So now let’s go through our five points, the same five that we’ve been going through.  I have offended somebody, you’ve offended somebody, how are we supposed to deal with that when it is brought to our attention that we have hurt or sinned against somebody?  You say, ‘Well what if it’s a false accusation?’  When we get into how to actually deal with conflict, then there’s ways to deal with false accusations.  But we all want that right up front, ‘Well, what if it’s a false accusation?’  Well the challenge here is, as you’re going to see, is that when someone brings you an accusation, that you automatically don’t say it is false, but that you automatically explore ‘What if it is true?’  Every time someone comes to you, ‘You really hurt my feelings,’ our initial response is, ‘Hey, I didn’t do that.’  ‘Hey, that’s your problem.  Hey, why don’t you grow up.’  ‘I’m sorry, let’s forget about it.’  The moment we do that, we are not fulfilling what we’re supposed to do as the person who has committed an offense against another person.  So the first point we always start with, is seek to be reconciled with God.  If someone comes to you and says ‘You have offended me,’ and your initial reaction is, ‘No I haven’t,’ or defensive, or ‘I’m not going to listen to you,’ or you push them away, then what you need to say is, ‘Can we set up a time to talk about this?’  And then you need to go fast and pray, and seek reconciliation with God.  2nd Samuel 11, and here’s why.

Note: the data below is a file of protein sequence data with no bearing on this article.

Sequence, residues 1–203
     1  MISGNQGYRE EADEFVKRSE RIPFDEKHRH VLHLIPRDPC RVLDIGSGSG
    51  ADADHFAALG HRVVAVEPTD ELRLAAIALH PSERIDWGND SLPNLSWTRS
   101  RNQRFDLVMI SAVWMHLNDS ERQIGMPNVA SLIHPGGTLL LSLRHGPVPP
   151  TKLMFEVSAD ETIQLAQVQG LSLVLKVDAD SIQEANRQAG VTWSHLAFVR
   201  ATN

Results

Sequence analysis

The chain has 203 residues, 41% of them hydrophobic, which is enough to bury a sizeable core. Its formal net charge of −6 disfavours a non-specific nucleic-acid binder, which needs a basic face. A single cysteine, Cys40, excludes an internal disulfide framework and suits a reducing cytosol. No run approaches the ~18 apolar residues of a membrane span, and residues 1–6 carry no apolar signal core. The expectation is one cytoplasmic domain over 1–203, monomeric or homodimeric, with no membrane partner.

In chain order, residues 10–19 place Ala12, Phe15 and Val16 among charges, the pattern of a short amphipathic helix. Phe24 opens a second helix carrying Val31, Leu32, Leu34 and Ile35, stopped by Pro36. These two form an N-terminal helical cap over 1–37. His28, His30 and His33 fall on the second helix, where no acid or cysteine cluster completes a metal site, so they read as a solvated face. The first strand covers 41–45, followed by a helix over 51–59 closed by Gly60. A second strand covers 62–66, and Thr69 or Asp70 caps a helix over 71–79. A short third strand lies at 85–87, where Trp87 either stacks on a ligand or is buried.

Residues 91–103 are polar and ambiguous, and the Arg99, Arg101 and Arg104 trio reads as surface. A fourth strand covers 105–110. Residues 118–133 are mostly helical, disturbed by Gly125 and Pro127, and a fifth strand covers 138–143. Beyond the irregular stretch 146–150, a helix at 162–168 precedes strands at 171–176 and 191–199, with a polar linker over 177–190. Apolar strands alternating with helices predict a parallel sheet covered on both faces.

Every Sin Committed Against Another Human Being Is Also A Sin Committed Against God